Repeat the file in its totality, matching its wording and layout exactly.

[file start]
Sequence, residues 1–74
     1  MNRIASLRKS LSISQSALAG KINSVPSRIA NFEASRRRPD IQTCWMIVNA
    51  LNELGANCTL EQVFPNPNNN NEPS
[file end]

Sequence, residues 1–74
     1  MNRIASLRKS LSISQSALAG KINSVPSRIA NFEASRRRPD IQTCWMIVNA
    51  LNELGANCTL EQVFPNPNNN NEPS